The question, then, is this: “Where will the government get its hands on the money that it will use to spend?” There are only three ways: borrow it, print it, or tax it out of the hands of the public.

Where had the money been before the government borrowed or taxed? It had been in people’s bank accounts. The banks were lending out money, and borrowers deposited it in their accounts. If the government had not intervened with massive deficits, selling its IOUs to the banks or to the investors directly, the banks would have had to invest the money somewhere. Money is not stored under mattresses. So, the government simply extracted the money from investors who would have had to seek out profitable avenues of lending, bearing the uncertainty of their actions. The money would have been spent, one way or another. It would have been spent either in forming capital or else providing consumer loans. In other words, the government cannot get something from nothing. This critique should be front and center. The entire critique should rest on this obvious fact: there is no such thing as a free lunch. There is also no such thing as a free investment.

The heart of John Maynard Keynes’ analysis in 1936 was the idea of a permanent free market equilibrium with high unemployment. For some reason, which he never explained coherently, sellers refuse to lower their prices when faced with buyers who refuse to buy at yesterday’s pre-Depression prices. This is especially true of workers who refuse to cut their wage demands.

Keynesianism is based on two fundamental ideas: (1) sellers do not learn that something is better than nothing, and therefore will not lower their selling prices; (2) economists do not learn that government spending that is financed by debt is accomplished in one of only two ways: (a) money lent by savers, which could have been lent to businesses or consumers; (b) money lent by a central bank, which lowers the purchasing power of the currency unit. This is a philosophy of something for nothing.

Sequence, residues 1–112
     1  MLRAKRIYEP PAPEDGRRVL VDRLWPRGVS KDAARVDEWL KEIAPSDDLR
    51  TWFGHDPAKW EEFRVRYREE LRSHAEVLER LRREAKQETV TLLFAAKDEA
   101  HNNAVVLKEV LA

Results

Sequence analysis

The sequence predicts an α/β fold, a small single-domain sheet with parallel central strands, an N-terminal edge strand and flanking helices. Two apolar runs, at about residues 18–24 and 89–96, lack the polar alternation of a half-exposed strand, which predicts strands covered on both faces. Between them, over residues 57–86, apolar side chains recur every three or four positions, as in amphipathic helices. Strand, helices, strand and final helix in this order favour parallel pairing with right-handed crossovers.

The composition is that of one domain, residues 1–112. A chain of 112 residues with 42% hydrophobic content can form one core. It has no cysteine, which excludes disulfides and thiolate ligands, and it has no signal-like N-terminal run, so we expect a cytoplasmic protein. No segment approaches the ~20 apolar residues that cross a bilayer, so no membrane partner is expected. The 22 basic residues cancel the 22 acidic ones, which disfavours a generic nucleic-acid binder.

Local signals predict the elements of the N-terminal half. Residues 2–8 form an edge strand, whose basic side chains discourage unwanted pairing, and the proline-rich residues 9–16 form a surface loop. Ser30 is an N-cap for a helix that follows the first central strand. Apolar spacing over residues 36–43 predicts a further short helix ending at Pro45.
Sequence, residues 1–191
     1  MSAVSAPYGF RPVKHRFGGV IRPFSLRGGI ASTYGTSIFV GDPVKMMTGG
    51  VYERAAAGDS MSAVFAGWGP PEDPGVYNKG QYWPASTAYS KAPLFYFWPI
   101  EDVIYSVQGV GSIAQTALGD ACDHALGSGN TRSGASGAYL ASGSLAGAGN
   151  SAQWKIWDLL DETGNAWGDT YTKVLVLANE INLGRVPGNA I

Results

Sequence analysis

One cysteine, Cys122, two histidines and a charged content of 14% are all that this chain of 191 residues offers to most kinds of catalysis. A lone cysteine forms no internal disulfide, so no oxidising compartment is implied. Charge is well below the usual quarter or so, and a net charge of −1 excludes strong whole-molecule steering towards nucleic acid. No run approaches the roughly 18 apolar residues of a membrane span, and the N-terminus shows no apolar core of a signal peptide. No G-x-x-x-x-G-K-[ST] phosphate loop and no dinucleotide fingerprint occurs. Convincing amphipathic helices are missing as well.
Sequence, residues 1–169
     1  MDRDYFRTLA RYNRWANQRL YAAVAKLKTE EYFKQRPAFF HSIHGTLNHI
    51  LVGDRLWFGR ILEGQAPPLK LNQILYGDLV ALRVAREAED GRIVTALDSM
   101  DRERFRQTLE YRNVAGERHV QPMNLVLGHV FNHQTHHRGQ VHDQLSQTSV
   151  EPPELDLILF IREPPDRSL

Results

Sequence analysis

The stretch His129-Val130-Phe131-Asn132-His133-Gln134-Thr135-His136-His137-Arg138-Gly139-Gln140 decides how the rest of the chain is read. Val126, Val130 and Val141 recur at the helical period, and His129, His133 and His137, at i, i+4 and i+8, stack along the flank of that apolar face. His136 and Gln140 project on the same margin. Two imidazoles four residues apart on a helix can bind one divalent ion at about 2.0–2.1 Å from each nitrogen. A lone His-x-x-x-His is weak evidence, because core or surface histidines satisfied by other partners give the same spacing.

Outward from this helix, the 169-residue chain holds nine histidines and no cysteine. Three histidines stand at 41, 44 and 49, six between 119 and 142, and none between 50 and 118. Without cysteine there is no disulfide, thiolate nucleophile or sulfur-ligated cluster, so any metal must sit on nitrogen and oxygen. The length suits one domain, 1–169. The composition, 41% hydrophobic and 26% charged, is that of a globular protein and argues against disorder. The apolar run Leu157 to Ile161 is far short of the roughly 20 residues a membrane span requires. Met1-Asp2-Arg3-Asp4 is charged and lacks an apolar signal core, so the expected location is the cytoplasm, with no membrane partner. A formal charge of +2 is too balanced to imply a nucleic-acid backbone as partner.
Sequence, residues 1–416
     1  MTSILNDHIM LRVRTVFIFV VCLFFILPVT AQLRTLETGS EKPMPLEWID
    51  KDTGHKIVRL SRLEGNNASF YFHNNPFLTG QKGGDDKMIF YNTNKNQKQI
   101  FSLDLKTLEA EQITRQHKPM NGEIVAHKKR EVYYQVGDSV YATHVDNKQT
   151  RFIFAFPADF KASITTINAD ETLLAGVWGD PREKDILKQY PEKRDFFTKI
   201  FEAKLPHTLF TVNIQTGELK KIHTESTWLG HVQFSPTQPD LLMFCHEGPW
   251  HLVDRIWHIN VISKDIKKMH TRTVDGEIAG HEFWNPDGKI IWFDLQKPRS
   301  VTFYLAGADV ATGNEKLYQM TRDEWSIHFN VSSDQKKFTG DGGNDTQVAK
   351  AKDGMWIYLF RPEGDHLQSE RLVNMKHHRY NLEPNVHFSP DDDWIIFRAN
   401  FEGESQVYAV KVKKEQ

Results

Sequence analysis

2. Practice. Keynesianism has always wrapped itself in equations and mathematics. But here is reality: government spending is determined, not by mathematics, but by the ability of politicians to extract wealth from the general public and still get reelected. There is nothing scientific about it.

The entire Keynesian analytical apparatus — which itself is self-contradictory — has never been used by politicians in a scientific way to determine what degree of taxation, borrowing, or inflating will suffice in pulling an economy out of recession or depression. There is no science of Keynesian economics that tells politicians how much taxation or debt, or how much borrowing of newly created money from the central bank, is appropriate. Politicians pay no attention to the recommendations of Keynesian economists, which shows wisdom on the part of politicians. Politicians are far wiser in this regard than economists who have been granted a PhD degree by other economists.

Conclusion

Some bright young economist would be wise to establish his reputation as the premier anti-Keynesian economist of this generation. I proposed this a decade ago, but no one has taken the bait.
The place to start reading for a career-long project along these lines is The Failure of the “New Economics.” Then go to Hunter Lewis’ Where Keynes Went Wrong (2009). Then go here.